"...While he mugs like mad during one scene in the first act, Mark Scheibmeir in the role of Sir Robert eventually settles down and completely convinces as a man attempting to face an extreme moral dilemma with dignity. Most delightful was Marlane Barnes as Chiltern's precocious sister, Mabel, the only performer who brought consistent energy, focus, and tempo to every scene in which she appeared..."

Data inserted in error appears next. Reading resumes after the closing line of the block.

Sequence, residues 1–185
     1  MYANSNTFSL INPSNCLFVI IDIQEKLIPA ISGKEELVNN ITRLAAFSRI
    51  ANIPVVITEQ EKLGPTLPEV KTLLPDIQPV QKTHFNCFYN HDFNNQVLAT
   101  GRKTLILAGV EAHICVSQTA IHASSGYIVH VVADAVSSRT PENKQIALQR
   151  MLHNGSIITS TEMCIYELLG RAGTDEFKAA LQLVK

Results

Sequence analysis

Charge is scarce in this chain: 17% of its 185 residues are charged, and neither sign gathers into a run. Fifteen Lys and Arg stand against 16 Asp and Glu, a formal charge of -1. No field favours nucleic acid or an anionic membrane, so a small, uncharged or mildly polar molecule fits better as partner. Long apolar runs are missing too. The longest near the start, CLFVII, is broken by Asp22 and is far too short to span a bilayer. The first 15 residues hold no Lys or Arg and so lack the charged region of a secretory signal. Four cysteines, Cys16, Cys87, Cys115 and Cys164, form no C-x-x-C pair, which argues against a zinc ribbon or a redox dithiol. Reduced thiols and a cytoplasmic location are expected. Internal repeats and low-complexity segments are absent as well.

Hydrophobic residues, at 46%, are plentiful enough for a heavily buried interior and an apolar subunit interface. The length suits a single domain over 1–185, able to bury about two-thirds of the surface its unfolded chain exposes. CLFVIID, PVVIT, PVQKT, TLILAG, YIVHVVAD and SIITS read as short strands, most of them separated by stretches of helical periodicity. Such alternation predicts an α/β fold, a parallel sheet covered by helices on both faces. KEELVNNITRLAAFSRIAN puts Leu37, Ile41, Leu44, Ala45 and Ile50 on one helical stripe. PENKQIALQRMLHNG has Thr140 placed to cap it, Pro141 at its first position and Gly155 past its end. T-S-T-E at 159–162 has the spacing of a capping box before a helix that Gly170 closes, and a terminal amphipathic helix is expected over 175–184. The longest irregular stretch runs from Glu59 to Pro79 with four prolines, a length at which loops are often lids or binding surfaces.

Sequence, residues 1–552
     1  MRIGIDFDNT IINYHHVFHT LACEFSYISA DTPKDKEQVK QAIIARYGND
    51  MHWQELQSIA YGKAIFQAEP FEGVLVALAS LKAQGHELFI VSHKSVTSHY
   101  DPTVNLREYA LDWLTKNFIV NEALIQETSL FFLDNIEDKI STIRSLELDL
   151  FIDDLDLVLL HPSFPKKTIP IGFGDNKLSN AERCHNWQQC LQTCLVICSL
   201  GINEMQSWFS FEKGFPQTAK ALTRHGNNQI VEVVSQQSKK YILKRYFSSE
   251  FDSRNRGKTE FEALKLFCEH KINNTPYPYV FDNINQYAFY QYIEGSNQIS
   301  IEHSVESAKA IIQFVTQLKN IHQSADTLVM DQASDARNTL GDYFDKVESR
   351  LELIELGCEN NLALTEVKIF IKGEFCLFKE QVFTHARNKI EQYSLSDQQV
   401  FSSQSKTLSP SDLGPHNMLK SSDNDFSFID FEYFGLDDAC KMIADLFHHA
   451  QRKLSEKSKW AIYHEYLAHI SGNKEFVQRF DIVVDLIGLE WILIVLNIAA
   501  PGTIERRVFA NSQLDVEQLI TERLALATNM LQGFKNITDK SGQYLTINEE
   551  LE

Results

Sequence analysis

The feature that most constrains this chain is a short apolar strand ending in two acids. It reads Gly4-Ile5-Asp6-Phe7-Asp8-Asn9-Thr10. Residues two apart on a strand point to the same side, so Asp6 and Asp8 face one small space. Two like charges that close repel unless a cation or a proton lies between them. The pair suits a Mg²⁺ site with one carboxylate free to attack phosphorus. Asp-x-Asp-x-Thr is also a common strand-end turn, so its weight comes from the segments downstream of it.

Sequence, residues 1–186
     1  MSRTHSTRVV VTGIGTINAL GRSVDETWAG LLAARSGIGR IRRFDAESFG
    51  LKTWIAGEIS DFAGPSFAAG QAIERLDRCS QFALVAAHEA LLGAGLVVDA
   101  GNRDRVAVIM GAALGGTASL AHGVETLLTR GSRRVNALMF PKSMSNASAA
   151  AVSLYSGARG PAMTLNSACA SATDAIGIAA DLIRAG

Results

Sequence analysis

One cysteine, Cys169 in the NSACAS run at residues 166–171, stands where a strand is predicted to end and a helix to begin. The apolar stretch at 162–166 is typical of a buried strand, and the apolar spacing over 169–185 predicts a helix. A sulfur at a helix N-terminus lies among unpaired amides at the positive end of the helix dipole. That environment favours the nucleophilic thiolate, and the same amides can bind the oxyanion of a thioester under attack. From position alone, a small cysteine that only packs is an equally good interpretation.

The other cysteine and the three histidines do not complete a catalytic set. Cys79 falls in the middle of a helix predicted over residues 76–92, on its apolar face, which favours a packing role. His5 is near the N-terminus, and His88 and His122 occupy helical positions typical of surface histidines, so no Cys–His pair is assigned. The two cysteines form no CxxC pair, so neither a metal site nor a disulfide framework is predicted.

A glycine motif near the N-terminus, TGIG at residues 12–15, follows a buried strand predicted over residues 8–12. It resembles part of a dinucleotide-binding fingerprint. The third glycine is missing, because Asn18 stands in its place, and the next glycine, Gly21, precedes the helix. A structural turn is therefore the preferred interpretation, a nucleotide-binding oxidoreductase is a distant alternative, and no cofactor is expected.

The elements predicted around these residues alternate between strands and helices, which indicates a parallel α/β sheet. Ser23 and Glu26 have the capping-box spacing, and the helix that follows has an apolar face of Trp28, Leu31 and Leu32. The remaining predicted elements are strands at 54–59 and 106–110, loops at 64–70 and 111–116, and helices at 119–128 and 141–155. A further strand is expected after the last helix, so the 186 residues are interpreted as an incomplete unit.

"...The Austin Playhouse production runs like a well-oiled machine, and while much of the credit for that must go to Stahl and Stuart, who almost never let the tempo lag while allowing most of the more dramatic moments to play themselves out, some credit must go to director Don Toner, who, besides wisely choosing to trust his two much-more-than-competent actors, stages this 2001 Laurence Olivier Award winner for Best Comedy much like the original production was staged: with a backdrop of blue sky and green field, a few stools, a bench, a large wicker basket, and the aforementioned 15 pairs of shoes lining the back wall of the stage. With the Gunn Brothers providing some fine Irish music to augment the settings, the evening is pretty much a delight from beginning to end, and while I would have preferred a slightly slower tempo to start the show, and perhaps some well-placed light cues to help me and everyone else watching adjust to the fact that two actors were playing everyone and his brother, Stahl and Stuart command the stage, as well as our undivided attention, from beginning to end...."